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After taking California, the U.S. needed a way to sort through land claims and established a Public Land Commission. This operated from 1852 to 1856, principally in San Francisco but also briefly in Los Angeles, taking depositions and issuing decisions. Records of the 813 claims it heard (and the lawsuits that ensued) survived the 1906 fire.

The documentation is not sparse, but I haven't been able to answer one question: in which building or buildings in San Francisco did the Commission meet?

  • "Governor and judges journal; proceedings of the Land board of Detroit", catalog.hathitrust.org/Record/001265262, describes the process used their, starting with its authorization in 1806. It continued to meet thru the early 1820s. In the surviving minutes of the board, the date and location of the next meeting is always specified. The case should be similar for California. – Peter Diehr Dec 24 '18 at 14:07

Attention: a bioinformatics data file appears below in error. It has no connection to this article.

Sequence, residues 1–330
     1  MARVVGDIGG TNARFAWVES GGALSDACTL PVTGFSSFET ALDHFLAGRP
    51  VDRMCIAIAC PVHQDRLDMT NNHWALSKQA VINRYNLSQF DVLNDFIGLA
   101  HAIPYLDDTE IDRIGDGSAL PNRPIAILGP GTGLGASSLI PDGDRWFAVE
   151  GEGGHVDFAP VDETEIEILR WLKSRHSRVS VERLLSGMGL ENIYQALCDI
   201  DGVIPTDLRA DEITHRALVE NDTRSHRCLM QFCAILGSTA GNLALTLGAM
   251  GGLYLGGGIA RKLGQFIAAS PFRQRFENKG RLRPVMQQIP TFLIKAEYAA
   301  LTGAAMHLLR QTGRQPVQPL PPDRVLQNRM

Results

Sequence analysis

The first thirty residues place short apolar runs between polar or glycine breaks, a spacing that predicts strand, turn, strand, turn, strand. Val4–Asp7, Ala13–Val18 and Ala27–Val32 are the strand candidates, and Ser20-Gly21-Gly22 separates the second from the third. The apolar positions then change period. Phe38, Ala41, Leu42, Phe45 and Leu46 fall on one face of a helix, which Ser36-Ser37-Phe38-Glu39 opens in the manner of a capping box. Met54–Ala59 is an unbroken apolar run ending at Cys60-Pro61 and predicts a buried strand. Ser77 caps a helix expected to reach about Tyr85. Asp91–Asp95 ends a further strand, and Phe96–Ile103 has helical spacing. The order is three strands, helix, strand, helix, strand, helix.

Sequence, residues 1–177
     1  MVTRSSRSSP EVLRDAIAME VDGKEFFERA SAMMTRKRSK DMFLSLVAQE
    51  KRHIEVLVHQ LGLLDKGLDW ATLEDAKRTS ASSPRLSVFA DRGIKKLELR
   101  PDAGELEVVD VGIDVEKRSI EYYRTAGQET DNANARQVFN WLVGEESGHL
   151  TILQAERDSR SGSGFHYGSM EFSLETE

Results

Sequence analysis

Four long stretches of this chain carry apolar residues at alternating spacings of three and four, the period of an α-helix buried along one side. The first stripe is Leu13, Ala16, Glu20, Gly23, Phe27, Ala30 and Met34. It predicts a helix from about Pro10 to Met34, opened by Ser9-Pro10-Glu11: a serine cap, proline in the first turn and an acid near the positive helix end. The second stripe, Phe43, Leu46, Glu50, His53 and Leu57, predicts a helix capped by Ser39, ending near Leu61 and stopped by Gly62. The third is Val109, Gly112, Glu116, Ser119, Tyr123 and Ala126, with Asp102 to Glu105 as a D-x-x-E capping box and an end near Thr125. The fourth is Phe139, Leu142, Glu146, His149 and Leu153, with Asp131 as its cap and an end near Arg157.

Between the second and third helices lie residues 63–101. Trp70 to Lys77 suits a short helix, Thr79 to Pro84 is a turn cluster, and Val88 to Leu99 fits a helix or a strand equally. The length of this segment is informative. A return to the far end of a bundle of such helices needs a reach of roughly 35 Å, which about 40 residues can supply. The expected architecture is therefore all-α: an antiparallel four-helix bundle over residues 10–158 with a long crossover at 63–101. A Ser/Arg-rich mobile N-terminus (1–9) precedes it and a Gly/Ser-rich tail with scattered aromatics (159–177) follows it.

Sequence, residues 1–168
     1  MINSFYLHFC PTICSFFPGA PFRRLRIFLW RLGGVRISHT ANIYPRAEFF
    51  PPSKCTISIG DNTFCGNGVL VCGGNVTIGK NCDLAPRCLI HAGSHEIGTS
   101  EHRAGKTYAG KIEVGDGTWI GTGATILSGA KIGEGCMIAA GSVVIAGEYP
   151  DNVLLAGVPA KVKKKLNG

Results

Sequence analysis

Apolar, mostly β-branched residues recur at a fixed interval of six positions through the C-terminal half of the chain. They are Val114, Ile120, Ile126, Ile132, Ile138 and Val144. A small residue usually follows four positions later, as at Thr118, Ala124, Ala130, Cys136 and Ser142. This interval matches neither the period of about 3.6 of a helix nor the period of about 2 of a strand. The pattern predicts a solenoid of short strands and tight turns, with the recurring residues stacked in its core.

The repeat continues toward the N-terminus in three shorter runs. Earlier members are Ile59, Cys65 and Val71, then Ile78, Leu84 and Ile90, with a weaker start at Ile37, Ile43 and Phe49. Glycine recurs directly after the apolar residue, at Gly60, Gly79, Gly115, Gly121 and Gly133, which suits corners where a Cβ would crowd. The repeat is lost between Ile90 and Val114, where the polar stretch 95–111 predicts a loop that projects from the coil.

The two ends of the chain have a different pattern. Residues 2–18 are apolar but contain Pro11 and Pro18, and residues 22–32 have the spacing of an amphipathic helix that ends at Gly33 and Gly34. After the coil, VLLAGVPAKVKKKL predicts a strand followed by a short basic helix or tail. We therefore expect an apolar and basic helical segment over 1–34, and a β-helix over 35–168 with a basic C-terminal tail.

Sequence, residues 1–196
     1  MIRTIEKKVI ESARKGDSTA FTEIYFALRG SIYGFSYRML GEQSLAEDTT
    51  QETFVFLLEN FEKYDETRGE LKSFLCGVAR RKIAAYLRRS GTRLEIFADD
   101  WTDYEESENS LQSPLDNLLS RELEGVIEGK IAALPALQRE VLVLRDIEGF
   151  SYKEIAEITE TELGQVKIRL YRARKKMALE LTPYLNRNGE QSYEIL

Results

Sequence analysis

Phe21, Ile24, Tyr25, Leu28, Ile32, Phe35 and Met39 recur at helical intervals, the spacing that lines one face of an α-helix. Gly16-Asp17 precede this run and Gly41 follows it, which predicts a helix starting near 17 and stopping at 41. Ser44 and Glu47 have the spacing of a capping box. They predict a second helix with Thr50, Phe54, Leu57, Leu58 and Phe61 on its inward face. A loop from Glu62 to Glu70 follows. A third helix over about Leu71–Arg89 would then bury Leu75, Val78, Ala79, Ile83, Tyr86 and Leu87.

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According to LeCount & Strong's San Francisco City Directory for the Year 1854, the U.S. Land Commission met in John Parrott's "Iron Building" at 148 California Street.

According to Igler's Industrial Cowboys (2001):

... the four floors of his Iron Building conveniently housed the clerks, archives, and officers of the U.S. Board of Land Claims Commissioners. For all practical purposes, Parrott's building was the San Francisco land office.

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